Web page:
Hindsight:  learning from bad experiences

Hueristic traps can negatively influence outdoor decision making. Maria Hamelink recalls a few learning experiences which cemented her vow to “never cross a river just because someone says its ok.”

Back in June 2013, (as it turns out the weekend before the big flood in Dunedin) I was tramping in the Silver Peaks with my regular tramping partner on a track we had had completed many times. Our usual trip was 4hrs tramping each way, using the same track in and out to the hut.  On this weekend we did a loop that involved two additional small streams.

Getting to the hut was uneventful, but on the Sunday we woke to a heavy drizzle. Unperturbed, we headed off down the track as planned. The normally small stream just below the hut was now running quite fast. It wasn’t deep, but we instinctively held on to one another to cross it. That should have been our first clue. Mistake number one.

We carried on, upwards over a steep ridge. The heavy drizzle had set in, and soon the track along the tops had small torrents running down it.

The track becomes a torrent..

We arrived at a hut, which was not far above another stream. There, we had a bite to eat and continued on down the hill to the stream. The track down was very muddy; we practically slid from tree to tree rather than walked the track! We had crossed this little stream many times in the past without getting wet feet, but not today; it was running like a huge torrent.

Its not a wide stream, but with a considerable flow its a significant hazard

My partner said; “We can get across this, its not so bad.”

I said “okay…”

Like I usually do, I trustingly following the advice of my companions, without really making a conscious decision for myself.  Big mistake.  Perhaps the biggest tramping mistake of my life, which I was lucky to get away with.

We linked up in the normal way, him upstream and me down. I had taken a few steps and knew that the current was strong. I was trying to take the next step, and as I knew there was a large flat rock in front of me, I was trying to step over it rather than on top of it. (I was worried that the flat rock was going to be too was slippery) Now I am 5’4″ and my tramping partner 6ft. I could not step the same length as him and as I tried, the current was too strong and I felt myself slipping away. The next thing I knew I was swept down the stream, bouncing through the rapids. Fortunately for me, I had recently done river crossing training with the tramping club and knew what to do.  As the rapid tried to flip me however it pleased, I flipped myself the right way, feet first and onto my back at least three times. I eventually found myself at the edge about 30 metres downstream, though it felt like much further. I climbed up through prickle bushes then bush bashed back to my partner who somehow successfully completed the crossing.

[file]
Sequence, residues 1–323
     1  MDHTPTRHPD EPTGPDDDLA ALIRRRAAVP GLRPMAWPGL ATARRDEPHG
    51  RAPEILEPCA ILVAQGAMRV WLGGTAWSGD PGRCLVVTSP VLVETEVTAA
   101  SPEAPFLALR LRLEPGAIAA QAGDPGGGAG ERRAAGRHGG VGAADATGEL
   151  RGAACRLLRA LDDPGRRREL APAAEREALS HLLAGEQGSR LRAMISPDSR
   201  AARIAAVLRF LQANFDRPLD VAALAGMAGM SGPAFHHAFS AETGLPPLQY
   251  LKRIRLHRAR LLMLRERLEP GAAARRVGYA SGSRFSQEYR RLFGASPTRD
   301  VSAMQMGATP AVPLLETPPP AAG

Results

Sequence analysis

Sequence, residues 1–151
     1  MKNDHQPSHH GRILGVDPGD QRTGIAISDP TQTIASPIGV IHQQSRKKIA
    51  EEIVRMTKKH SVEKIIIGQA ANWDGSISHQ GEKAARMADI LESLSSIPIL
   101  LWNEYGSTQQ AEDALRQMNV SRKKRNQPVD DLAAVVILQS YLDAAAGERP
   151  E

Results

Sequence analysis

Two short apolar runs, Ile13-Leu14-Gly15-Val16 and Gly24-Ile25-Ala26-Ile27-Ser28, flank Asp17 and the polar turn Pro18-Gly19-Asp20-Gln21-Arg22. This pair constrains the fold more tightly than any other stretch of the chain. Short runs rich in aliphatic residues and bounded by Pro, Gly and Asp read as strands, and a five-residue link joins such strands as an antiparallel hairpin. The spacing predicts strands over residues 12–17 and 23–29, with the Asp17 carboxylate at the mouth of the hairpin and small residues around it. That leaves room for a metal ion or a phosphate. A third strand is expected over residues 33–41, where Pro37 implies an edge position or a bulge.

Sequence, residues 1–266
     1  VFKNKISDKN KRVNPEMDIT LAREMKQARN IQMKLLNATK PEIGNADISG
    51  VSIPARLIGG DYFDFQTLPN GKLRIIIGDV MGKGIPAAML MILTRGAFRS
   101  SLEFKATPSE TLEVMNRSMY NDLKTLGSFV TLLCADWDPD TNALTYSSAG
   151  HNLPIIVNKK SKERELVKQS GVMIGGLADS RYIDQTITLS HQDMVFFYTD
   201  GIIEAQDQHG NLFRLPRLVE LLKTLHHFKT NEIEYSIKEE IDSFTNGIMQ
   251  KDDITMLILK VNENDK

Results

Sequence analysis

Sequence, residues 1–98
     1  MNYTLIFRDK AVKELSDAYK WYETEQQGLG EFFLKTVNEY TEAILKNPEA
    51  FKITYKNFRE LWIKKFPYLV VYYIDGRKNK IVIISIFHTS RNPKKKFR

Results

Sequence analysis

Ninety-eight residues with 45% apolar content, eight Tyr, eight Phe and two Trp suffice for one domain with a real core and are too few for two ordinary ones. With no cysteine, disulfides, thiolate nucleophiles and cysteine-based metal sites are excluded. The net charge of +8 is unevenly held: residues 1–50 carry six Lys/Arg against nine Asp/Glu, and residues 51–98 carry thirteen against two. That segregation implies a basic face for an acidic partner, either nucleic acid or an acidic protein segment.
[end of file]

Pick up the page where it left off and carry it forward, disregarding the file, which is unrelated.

Shaken, but otherwise un-hurt, we had a short walk up to the road then a half hour walk down to the car. As it turned out this rain continued for five days resulting in massive flooding in the streets of South Dunedin.

Taking a moment to collect our thoughts after being swept away…

The few days following the incident we talked about what we could have or should have done.  Our options before we crossed were;

  1. Cross the stream,
  2. Go back to the  hut just up the hill and wait it out,
  3. Go back to the first Hut (7 hrs) and tramp out the way we came in.